By Christine Murray, HRI Director

When I first became a mom, I had absolutely no clue what I was doing. To give you an idea of just how clueless I was, when I was in the hospital in the days following the birth of my son, I always had the nurse change my baby’s diaper. I had never changed a newborn’s diaper before, and I was so afraid I’d do something wrong. Of course I was terrified that in just a day or so, I’d have to go home and would have to figure it out–It turns out you can’t take the nurse home with you!

And then, there was the first time I had to cut his fingernails. I had no idea how to cut such tiny little nails, but I knew from a couple small scratches on his face that I would have to do it anyway. I was so scared, and when I did cut one of his precious little fingers, my over-imaginative mind jumped quickly to the conclusion that he wouldn’t ever stop bleeding. Of course, he did stop, but I realized again just how much I didn’t know about this whole parenting thing.

I’ve been a mom for over ten years now, and it would be impossible to count how many times during those ten years I wished I had an easy answer (or any answer, even if it was hard!) for what to do to for the next parenting challenge that came my way. My kids just never seem to stop throwing new challenges at me! Eventually, I did figure out how to change diapers and cut tiny fingernails, and these days the challenges are usually more related to homework, sibling conflict, and talking with my kids about big, difficult issues that they’re seeing and learning about in the world around them.

As a family counselor, I’ve learned many theories of parenting and family dynamics. I took a number of classes on child development as a student, and now I teach classes where we cover parenting concerns. Even with this professional and educational background, I find parenting to be the hardest thing I’ve ever done. And I’ve done a lot of hard things! It’s one thing to have book knowledge about parenting and child development–it’s another thing entirely to apply that knowledge in the real world when you’ve got little eyes looking up at you, needing guidance and a good parenting response in the midst of a puzzling parenting situation!

Everyone who parents reaches the limits of their parenting knowledge and skills, over and over again. Sometimes many times in a single day! What can we do when reach these limits? Keep learning! As your child grows, so too will your knowledge of parenting strategies need to grow and evolve.

While it’s true there’s not an instruction manual that comes along with kids, parents today aren’t left completely alone to figure things out on their own. There are many ways that parents can strengthen their parenting skills, including through books, online resources, and parenting workshops and classes. Parents who make a commitment to ongoing learning about parenting knowledge and skills take an important step toward providing a happy, healthy, and safe environment in which children can thrive. In fact, strong parenting skills have been identified as a barrier against child abuse. When parents have stronger parenting skills, they have more tools available for providing nurturing, developmentally-appropriate responses to their children’s ever-changing needs. Even when parenting educational opportunities don’t provide the exact answer to the challenges that parents face, they can help parents move closer and closer to the best solution to the problem at hand.

Adults can take the following steps to nurture strong parenting skills:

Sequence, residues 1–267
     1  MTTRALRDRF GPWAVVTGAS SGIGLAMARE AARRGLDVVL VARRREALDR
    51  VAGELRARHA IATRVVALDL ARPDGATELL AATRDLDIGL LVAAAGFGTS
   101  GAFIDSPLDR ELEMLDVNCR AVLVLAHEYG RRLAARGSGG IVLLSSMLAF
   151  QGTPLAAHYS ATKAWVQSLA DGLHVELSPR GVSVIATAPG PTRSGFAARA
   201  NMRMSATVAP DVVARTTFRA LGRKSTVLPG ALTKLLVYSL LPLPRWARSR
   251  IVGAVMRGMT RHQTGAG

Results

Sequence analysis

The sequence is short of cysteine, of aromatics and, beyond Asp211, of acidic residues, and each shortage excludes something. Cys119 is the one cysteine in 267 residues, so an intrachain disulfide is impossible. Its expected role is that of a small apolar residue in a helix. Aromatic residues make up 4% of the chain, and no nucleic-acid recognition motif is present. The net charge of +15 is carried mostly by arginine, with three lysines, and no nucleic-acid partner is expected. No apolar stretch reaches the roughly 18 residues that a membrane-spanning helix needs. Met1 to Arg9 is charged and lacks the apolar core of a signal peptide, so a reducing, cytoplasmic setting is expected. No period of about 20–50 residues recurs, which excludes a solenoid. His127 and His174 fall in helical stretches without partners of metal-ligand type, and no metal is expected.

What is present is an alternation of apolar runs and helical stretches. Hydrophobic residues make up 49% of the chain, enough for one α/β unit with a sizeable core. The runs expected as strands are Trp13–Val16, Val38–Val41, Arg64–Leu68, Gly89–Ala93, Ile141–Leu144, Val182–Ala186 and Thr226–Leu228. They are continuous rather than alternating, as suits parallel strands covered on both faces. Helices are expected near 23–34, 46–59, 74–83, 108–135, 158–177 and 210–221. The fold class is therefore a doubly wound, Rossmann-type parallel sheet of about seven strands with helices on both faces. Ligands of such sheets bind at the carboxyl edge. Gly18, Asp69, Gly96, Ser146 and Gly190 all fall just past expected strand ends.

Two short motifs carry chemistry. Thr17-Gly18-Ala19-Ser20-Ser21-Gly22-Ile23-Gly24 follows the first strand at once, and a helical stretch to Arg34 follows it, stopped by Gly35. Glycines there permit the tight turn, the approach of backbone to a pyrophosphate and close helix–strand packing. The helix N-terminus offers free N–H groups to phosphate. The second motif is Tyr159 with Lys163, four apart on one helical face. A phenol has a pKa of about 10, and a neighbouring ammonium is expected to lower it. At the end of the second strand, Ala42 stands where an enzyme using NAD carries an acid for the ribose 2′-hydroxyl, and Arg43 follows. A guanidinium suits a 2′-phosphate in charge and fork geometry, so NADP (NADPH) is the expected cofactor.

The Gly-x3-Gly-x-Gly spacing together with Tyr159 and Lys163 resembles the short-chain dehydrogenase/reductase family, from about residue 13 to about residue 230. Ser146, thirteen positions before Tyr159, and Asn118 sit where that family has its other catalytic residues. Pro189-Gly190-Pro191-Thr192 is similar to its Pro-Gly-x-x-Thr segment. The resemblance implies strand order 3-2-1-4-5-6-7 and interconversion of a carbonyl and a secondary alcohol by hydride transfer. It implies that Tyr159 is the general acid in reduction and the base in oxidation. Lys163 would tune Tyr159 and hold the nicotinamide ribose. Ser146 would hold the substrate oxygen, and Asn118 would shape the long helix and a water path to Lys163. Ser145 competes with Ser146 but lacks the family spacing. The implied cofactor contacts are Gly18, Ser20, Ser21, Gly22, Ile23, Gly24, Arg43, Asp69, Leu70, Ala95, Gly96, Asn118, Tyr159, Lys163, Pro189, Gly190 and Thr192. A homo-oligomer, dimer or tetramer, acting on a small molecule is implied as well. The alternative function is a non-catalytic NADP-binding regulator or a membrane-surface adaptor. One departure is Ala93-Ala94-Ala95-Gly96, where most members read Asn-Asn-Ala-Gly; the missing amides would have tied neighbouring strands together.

In the family:

  • Never stop learning! Read parenting books, take online and in-person classes, and seek parenting mentors among other parents who have faced similar experiences.
  • Don’t be afraid to admit when you’ve reached the limits of your parenting knowledge and skills. This is a normal part of parenting and is a natural result of children growing and changing over time.
  • If a parenting strategy isn’t working, consider trying something else. As children grow, it’s typical for strategies that worked in the past to stop working. Be mindful of the strategies that both work and don’t work so you can build on the practices that work and change in the areas that don’t.

In organizations that serve children:

  • Consider innovative ways of sharing parenting knowledge. Workshops and classes are great, but new technologies offer new opportunities for reaching parents in different ways, such as through social media, webinars, and text messaging.
  • Keep parent education messages and strategies simple! Parents today are extremely busy and have many demands on their time and attention, so organizations can work to make parent education as easily accessible and digestible as possible. Focus on a few key points at a time to avoid overwhelming parents with too much at once.

In the broader community:

  • Community members can advocate and provide resources to make parent education opportunities accessible to all members of the community. Consider making a donation to a local organization that offers these services to parents with limited financial resources.
  • Be honest and open about the challenges of parenting! It’s tempting for parents to want to look like they’ve got their acts completely together. However, hiding behind a facade of perfection adds to the stigma that makes it harder for people to reach out for help when they’re struggling.

Parenting is an extremely difficult job. The weight of the importance of doing it well adds even more pressure, because as a parent you realize that you’re impacting the future course of the next generation. Don’t be afraid to admit you need help and information to guide you through the ever-changing challenges of parenting. Commit to building the best parenting toolbox you can–and keep building it throughout all of your parenting days!

Tagged on: